Ahhhh that's what you meant. Why didn't you say so?
FIP is a fun stat I like to look at when trying to determine if I think a pitcher may be getting unlucky/lucky or not. I recently traded for Lincecum in my fantasy baseball league for "cheap" because I'm hoping his 3.89 FIP is a sign that he will begin to get better again. But there are significant issues I have with your argument:
1. Advocates of those who think FIP is Gods Gift of pitching stats believe that any ball hit by a batter has an equal chance of being a hit, regardless of who is pitching. If you believe a ball hit off my 70 mph fastball and loopy 55 mph curveball is just as unlikely to be a single as Aroldis Chapman's 102 mph fastball and 90 mph breaking stuff, you're an insane person.
2. RA Dickey has consistently had a significantly lower ERA than FIP. Why is this? Is he crazy lucky? Or is it more difficult to square a knuckleballer dancing in all directions than it is a straight fastball? Zach Greinke has had a higher ERA than FIP in the last few years. Is he very unlucky? Or is an anxious pitcher who allows more hits in tight spots because he begins to miss with his pitches, thus allowing more line drives?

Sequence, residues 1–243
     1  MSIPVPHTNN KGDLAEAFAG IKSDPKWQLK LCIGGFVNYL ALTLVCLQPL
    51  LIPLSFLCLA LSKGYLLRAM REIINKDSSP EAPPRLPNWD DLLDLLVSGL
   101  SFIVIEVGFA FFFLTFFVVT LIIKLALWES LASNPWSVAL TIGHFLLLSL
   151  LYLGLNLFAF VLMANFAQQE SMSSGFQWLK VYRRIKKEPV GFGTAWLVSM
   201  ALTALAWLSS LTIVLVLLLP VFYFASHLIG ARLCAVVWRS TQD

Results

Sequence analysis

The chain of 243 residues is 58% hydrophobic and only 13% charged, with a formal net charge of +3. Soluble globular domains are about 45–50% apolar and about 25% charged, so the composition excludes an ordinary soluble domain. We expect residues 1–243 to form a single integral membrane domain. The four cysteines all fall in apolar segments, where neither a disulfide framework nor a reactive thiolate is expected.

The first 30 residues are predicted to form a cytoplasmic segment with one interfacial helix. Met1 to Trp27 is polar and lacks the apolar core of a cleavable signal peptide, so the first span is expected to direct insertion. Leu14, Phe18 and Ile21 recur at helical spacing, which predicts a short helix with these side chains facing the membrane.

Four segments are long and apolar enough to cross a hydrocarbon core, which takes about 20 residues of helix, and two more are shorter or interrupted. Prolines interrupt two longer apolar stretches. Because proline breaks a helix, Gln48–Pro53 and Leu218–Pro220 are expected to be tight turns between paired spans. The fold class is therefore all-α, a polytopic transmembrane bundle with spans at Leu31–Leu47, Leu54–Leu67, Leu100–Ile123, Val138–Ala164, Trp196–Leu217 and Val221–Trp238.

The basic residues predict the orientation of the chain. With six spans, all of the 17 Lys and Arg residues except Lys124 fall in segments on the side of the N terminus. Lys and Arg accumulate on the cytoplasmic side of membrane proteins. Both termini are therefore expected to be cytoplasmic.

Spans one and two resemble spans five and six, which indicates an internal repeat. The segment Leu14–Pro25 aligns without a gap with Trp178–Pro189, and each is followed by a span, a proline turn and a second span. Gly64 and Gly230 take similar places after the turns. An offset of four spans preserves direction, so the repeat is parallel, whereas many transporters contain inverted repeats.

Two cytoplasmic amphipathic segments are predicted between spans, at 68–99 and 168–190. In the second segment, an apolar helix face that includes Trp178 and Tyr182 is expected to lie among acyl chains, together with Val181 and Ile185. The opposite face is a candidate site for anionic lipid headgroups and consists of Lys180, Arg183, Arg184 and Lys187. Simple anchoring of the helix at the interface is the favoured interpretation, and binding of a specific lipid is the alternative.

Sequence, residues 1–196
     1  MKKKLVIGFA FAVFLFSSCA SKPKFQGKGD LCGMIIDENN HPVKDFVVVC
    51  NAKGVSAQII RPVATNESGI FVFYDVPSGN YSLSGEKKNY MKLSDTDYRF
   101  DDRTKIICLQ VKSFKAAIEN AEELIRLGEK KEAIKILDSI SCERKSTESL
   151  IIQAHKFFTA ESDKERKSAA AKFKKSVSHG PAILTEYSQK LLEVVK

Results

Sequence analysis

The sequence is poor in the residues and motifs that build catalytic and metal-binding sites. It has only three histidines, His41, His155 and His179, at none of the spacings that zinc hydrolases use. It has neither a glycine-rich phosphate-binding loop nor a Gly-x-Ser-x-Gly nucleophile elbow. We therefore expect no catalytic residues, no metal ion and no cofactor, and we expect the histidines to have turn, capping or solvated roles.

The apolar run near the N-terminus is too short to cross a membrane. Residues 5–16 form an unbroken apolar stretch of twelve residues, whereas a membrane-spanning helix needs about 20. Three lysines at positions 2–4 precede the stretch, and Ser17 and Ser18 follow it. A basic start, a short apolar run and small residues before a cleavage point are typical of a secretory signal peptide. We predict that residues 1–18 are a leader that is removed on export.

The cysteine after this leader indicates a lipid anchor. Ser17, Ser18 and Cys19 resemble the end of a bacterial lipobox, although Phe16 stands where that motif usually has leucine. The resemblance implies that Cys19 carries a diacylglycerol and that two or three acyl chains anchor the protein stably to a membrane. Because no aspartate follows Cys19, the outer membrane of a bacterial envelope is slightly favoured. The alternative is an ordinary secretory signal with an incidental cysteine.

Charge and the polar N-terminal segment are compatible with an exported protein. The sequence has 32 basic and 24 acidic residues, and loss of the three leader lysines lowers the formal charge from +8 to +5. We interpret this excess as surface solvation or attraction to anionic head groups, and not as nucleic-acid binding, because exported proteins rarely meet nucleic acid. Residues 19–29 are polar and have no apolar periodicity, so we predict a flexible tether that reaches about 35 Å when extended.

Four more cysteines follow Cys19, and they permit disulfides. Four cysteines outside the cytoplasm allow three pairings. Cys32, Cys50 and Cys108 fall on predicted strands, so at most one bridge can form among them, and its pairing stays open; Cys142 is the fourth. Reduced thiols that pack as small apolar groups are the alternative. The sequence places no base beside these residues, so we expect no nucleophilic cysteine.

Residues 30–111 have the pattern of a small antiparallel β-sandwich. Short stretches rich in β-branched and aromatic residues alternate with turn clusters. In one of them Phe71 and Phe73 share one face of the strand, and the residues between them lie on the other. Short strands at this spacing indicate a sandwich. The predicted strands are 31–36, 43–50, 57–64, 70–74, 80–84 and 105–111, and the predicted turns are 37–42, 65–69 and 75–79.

3. When we talk about the most successful pitchers, or people in general, we talk about what someone actually accomplishes, and not what we feel they should have accomplished. Are you the guy who goes "Well I worked just as hard, I should have gotten the same results, wahhhhhh?" You didn't get the same results. You lose. Deal with it. The Boston Red Sox had a Phytagorean W/L record that was higher than Tampa Bays. Should we have had put the Red Sox in the playoffs because they SHOULD have had a better record than the actual Wild Card team?
11-1, 2.00 ERA, 0.89 WHIP - best pitcher in the NL thus far.